Microsoft Network Load Balancing (NLB) on VMware ESX


The other day I went into a Microsoft Network Load Balancing issue. The customer had configured a Microsoft NLB cluster in Unicast mode with 4 nodes (VMs) in a ESX farm. One could say it works out of the box, just go for the default configuration and voila.  Well not true in that particular ESX and physical network environments.

So let me explain the 2 main cast modes when deploying a NLB cluster:

  1. UNICAST mode

In Unicast mode, NLB reassigns the station MAC (media access control) address of the network adapter for which it is enabled and all cluster hosts are assigned the same MAC address. Unicast mode induces switch flooding, where all switch ports are flooded with NLB traffic, even ports to which non-NLB servers are attached. Since all hosts in the cluster have the same IP Address and the same MAC Address, there is no inter-host communication possible between the hosts configured in Unicast mode therefore a second NIC needed for other host communication. UNICAST requires you to modify the vSwitches in an ugly way. For more info check this VMware KB: Sample Configuration – Network Load Balancing (NLB) UNICAST Mode Configuration

  1. MULTICAST mode (prefered)

In multicast mode, NLB assigns a layer-2 multicast address to the cluster adapter instead of changing the adapter’s station address. Multicast allows inter-host communication because it adds a layer two multicast address to the cluster instead of changing it. This makes inter-host communication possible as the hosts retain their original unique MAC addresses and already have unique dedicated IP addresses. However, in multicast mode, the ARP reply sent out by a host in the cluster, in response to an ARP request, maps the clusters Unicast IP Address to its multicast MAC Address. Such a mapping in an ARP reply is rejected by some routers so administrators must add a static ARP entry in the router mapping the Cluster IP Address to its MAC Address. MULTICAST mode is by far the best one in my customer’s case, and in most scenarios as well IMO.

Here are the following steps to configure NLB in MULTICAST mode:

  1. Install Microsoft NLB and set MULTICAST mode (more at VMware KB 1006558)
  2. Disable DDNS/WINS. Network Load Balancing does not support dynamic Domain Name System (DNS) resolution, where the name of the cluster is automatically registered by the host when the host starts. This functionality must be disabled on the Network Load Balancing interface for both DNS and Windows Internet Name Service (WINS); otherwise, each host’s computer name will be registered with the cluster IP address. When using Network Load Balancing with DNS, you will need to directly configure the DNS server to register the name.
  3. Add a static ARP entry in your default router (more at VMware KB 1006525)
  4. Turn on MULTICAST support on your physical switches. If your switches do not support MULTICAST, you will have to setup Microsoft NLB in UNICAST mode.

About PiroNet

Didier Pironet is an independent blogger and freelancer with +15 years of IT industry experience. Didier is also a former VMware inc. employee where he specialised in Datacenter and Cloud Infrastructure products as well as Infrastructure, Operations and IT Business Management products. Didier is passionate about technologies and he is found to be a creative and a visionary thinker, expressing with passion and excitement, hopefully inspiring and enrolling people to innovation and change.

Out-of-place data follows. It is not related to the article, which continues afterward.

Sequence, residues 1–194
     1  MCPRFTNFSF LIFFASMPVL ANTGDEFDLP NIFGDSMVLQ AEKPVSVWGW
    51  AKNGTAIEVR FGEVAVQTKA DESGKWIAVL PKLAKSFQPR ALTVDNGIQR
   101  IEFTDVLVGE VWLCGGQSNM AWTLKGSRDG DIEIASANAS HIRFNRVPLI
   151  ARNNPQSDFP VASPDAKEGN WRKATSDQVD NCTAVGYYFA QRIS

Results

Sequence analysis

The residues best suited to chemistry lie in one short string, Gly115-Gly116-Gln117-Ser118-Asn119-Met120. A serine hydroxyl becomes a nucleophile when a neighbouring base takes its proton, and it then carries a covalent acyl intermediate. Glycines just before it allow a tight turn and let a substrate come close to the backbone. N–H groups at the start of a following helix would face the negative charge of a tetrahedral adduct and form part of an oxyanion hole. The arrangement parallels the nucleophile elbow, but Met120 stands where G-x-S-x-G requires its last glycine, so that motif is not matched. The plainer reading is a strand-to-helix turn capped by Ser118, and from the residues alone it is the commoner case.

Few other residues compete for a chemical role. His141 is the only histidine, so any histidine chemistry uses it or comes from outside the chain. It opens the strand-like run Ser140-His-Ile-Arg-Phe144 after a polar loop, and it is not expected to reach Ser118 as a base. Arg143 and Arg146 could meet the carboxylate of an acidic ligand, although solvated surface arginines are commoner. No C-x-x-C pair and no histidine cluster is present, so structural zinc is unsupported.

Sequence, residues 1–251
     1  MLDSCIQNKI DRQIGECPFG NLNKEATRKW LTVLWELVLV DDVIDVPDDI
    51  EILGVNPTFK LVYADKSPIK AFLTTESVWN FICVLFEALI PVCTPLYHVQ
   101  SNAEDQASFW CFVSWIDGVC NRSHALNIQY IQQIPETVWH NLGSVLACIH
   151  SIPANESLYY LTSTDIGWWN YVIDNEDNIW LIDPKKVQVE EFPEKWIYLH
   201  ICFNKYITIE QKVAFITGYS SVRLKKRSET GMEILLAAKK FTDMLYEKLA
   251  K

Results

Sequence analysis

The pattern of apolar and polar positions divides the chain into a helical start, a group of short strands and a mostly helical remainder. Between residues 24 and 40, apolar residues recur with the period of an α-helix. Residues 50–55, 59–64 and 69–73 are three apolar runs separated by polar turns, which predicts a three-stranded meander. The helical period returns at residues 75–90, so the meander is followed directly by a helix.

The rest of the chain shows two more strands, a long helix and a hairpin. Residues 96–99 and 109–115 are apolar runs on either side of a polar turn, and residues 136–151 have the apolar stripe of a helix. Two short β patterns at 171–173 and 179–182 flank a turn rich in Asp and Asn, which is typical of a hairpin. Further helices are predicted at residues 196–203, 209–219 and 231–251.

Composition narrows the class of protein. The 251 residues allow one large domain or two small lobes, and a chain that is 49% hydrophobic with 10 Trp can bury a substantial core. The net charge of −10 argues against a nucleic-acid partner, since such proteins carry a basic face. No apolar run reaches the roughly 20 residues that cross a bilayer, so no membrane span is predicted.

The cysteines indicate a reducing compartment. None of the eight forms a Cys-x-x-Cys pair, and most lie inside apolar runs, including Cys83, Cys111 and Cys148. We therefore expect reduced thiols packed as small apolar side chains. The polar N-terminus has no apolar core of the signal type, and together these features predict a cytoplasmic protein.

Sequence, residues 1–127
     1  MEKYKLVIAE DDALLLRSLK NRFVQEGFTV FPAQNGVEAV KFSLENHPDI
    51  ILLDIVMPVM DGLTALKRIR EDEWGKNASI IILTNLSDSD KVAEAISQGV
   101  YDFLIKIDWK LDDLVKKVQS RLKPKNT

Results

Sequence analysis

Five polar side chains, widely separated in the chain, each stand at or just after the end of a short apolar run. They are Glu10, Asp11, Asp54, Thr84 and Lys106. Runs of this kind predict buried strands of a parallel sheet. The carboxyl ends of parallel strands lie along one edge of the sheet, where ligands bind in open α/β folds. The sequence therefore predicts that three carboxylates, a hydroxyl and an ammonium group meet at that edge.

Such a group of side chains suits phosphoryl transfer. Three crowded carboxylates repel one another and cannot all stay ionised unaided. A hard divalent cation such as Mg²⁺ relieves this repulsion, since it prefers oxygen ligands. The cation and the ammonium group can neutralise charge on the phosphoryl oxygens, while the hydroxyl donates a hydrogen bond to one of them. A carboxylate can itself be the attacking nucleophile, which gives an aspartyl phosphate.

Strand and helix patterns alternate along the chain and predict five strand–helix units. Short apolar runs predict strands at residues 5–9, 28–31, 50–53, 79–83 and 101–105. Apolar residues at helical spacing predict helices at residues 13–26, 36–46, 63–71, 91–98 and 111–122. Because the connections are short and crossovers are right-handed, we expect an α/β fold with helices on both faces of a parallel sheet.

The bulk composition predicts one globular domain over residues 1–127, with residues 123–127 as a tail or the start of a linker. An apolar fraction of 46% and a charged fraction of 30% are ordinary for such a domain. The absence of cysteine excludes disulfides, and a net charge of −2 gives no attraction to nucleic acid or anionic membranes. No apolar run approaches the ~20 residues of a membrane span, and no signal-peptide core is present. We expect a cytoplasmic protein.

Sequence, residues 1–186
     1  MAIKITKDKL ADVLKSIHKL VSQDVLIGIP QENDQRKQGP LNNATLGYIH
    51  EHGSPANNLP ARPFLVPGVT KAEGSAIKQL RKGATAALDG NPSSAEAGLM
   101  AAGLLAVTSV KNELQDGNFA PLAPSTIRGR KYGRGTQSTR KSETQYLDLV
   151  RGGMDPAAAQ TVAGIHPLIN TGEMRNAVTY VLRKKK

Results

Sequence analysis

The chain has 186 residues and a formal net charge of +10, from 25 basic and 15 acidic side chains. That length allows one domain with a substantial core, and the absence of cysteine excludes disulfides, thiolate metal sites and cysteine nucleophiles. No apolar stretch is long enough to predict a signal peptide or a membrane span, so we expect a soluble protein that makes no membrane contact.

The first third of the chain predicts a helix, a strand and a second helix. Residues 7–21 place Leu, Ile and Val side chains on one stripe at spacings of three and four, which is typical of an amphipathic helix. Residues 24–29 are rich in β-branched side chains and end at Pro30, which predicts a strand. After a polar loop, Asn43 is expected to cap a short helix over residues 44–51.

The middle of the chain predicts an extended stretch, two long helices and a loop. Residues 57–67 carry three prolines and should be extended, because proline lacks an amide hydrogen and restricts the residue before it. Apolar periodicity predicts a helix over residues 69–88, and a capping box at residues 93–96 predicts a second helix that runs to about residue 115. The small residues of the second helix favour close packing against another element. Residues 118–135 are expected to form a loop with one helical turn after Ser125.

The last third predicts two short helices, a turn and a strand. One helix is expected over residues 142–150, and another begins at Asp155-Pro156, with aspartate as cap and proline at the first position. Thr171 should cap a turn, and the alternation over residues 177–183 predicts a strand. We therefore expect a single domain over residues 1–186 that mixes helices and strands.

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13 Responses to Microsoft Network Load Balancing (NLB) on VMware ESX

  1. Pingback: Microsoft Network Load Balancing (NLB) on VMware ESX « DeinosCloud | IP address.co.uk

  2. Pingback: A Year Blogging In Summary And Season’s Greetings « DeinosCloud

  3. deinoscloud says:

    VMware just published an excellent KB regarding Microsoft NLB not working properly in Unicast Mode
    (http://kb.vmware.com/kb/1556)
    Worth a read!

  4. Darren says:

    Good Information. I am curious though, If you are adding the static arp on the cisco switch that binds that multicast address to a physical port on the switch, how do you accommodate for ESX redundancy if the ESX that is hosting the NLB cluster fails over to another ESX cluster member.. if that makes any sense.

    • Roy Kliewer says:

      adding a static arp only associates the MAC address to the IP address, it has nothing to do with switch ports. It is needed when the switch won’t learn the multicast MAC address from outbound packets.

  5. Farouk says:

    But which interfaces the mac-address-table static command should specify? we have a cluster with 6 ESX servers, 4 NIC each (wihin HP C3000 Blade enclosure) with DRS and HA enabled, so the NLB nodes can exists on any host.

    Should we in this case specify all the 6 x 4 ports on the interconnect switches? and if this is the case, doesnt this affect network performance as the NLB traffic will be broadcast to all the ports?

    Any comments?

  6. deinoscloud says:

    A great post from Ammesiah on this hot NLB topic (following my site stats). Worth a read at http://www.vmdude.fr/en/memento-en/update-of-notify-switches/

  7. Pingback: A Year Of Blogging In Summary And Season’s Greetings | DeinosCloud

  8. PiroNet says:

    Ivan Pepelnjak just published a very good article explaining Microsoft NLB behind the scene. And if you don’t yet follow Ivan, I urge you to do so!

    You can read the article at http://blog.ioshints.info/2012/02/microsoft-network-load-balancing-behind.html

    Enjoy😉

  9. Pingback: Exchange 2010 DAG & NLB « Exchange 2013, Lync 2013 & Office 365 | Ondrej Stefka's blog

  10. albertwt says:

    Thanks for sharing it here man !

  11. Mellon Straig says:

    “MULTICATS” instead of MULTICAST caught my eye. Shucks! But I found this information very useful. Thank you.

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